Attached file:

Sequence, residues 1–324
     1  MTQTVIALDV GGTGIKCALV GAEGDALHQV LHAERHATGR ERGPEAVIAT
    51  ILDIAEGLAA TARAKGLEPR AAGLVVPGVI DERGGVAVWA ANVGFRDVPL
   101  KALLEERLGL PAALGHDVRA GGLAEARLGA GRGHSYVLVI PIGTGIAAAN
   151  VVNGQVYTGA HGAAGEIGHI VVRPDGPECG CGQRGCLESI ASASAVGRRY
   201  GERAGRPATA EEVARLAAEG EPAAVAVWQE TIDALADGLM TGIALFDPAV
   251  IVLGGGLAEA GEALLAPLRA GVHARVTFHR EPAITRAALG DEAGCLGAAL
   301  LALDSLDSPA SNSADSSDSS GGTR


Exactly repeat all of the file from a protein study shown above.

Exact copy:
Sequence, residues 1–324
     1  MTQTVIALDV GGTGIKCALV GAEGDALHQV LHAERHATGR ERGPEAVIAT
    51  ILDIAEGLAA TARAKGLEPR AAGLVVPGVI DERGGVAVWA ANVGFRDVPL
   101  KALLEERLGL PAALGHDVRA GGLAEARLGA GRGHSYVLVI PIGTGIAAAN
   151  VVNGQVYTGA HGAAGEIGHI VVRPDGPECG CGQRGCLESI ASASAVGRRY
   201  GERAGRPATA EEVARLAAEG EPAAVAVWQE TIDALADGLM TGIALFDPAV
   251  IVLGGGLAEA GEALLAPLRA GVHARVTFHR EPAITRAALG DEAGCLGAAL
   301  LALDSLDSPA SNSADSSDSS GGTR